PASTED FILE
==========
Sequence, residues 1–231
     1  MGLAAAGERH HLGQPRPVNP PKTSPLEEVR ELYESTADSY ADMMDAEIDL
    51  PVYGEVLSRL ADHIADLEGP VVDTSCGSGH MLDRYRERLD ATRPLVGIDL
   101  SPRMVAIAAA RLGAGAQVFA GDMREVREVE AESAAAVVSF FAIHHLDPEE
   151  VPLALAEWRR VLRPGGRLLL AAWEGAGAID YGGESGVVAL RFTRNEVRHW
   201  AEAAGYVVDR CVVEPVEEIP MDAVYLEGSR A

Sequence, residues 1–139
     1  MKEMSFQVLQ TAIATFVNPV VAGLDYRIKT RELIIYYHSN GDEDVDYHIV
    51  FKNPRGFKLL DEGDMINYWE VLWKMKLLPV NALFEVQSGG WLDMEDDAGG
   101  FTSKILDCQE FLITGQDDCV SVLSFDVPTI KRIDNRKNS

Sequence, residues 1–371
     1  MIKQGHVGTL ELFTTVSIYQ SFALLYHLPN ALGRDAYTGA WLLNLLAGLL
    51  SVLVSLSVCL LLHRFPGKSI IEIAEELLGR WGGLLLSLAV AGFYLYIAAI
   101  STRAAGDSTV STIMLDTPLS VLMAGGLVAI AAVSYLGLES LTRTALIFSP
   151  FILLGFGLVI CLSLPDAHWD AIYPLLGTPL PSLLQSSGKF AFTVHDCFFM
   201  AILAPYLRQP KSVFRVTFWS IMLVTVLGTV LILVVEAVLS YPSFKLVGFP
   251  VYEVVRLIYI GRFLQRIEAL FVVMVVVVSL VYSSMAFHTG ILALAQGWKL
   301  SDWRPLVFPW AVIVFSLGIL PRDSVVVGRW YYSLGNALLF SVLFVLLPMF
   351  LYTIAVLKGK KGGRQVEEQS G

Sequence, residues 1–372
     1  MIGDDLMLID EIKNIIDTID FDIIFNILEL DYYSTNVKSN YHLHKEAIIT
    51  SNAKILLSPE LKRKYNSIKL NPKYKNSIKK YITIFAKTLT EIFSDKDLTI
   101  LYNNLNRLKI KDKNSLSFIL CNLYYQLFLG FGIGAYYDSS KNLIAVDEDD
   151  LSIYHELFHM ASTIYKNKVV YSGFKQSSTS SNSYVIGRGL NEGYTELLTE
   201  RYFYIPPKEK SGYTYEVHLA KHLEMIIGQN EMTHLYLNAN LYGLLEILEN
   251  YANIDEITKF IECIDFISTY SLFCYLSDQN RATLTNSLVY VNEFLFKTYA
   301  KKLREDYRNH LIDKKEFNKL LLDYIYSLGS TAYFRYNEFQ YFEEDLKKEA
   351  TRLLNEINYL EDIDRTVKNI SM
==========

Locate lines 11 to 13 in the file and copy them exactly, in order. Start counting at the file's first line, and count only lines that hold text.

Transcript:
Sequence, residues 1–371
     1  MIKQGHVGTL ELFTTVSIYQ SFALLYHLPN ALGRDAYTGA WLLNLLAGLL
    51  SVLVSLSVCL LLHRFPGKSI IEIAEELLGR WGGLLLSLAV AGFYLYIAAI